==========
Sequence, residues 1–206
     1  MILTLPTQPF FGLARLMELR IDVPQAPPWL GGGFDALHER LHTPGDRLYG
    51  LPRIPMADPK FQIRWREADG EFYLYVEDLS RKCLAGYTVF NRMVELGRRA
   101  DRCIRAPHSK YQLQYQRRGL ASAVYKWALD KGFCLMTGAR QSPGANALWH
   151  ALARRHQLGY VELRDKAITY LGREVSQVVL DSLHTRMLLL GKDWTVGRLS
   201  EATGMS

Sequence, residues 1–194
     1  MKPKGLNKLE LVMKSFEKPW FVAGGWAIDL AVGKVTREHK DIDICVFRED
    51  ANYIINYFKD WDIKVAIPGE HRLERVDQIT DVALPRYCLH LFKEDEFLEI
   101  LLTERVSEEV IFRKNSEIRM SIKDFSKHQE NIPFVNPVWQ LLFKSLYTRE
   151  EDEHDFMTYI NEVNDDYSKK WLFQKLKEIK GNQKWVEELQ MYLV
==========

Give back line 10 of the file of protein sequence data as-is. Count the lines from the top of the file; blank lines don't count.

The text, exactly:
   101  LLTERVSEEV IFRKNSEIRM SIKDFSKHQE NIPFVNPVWQ LLFKSLYTRE